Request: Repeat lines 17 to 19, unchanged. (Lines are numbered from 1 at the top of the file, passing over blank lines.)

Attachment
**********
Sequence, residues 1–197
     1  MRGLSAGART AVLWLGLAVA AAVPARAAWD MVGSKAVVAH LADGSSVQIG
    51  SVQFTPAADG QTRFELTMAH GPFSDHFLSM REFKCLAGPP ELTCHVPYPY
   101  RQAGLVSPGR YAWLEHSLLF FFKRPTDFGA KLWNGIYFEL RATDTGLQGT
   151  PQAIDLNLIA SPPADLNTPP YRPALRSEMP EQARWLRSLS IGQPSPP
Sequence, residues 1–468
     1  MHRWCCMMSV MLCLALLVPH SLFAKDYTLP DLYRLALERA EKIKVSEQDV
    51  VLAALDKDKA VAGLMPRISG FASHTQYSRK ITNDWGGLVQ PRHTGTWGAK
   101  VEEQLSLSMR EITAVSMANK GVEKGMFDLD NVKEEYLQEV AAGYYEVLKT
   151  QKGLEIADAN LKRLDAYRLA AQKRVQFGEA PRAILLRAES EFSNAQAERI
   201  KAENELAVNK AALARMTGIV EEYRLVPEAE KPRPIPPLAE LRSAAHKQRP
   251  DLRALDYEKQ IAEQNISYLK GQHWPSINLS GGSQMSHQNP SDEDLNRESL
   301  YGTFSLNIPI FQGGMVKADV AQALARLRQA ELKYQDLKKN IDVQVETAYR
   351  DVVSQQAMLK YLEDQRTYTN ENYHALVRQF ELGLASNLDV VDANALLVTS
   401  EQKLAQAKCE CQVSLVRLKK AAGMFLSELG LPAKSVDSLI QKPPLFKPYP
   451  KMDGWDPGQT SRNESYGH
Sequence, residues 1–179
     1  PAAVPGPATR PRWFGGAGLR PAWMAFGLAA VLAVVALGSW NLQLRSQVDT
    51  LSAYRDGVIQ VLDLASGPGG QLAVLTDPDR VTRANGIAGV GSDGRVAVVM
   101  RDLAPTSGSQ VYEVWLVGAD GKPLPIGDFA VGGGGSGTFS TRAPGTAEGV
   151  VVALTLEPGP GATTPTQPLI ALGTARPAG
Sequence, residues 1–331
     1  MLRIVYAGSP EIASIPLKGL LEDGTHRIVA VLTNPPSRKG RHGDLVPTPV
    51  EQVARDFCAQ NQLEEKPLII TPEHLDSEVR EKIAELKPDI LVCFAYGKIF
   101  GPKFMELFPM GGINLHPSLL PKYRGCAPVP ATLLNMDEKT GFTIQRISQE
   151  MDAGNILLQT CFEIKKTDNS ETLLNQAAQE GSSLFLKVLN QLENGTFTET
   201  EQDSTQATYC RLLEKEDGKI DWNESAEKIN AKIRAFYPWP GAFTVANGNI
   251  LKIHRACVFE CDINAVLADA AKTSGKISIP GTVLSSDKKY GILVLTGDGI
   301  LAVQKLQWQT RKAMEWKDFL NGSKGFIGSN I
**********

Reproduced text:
Sequence, residues 1–179
     1  PAAVPGPATR PRWFGGAGLR PAWMAFGLAA VLAVVALGSW NLQLRSQVDT
    51  LSAYRDGVIQ VLDLASGPGG QLAVLTDPDR VTRANGIAGV GSDGRVAVVM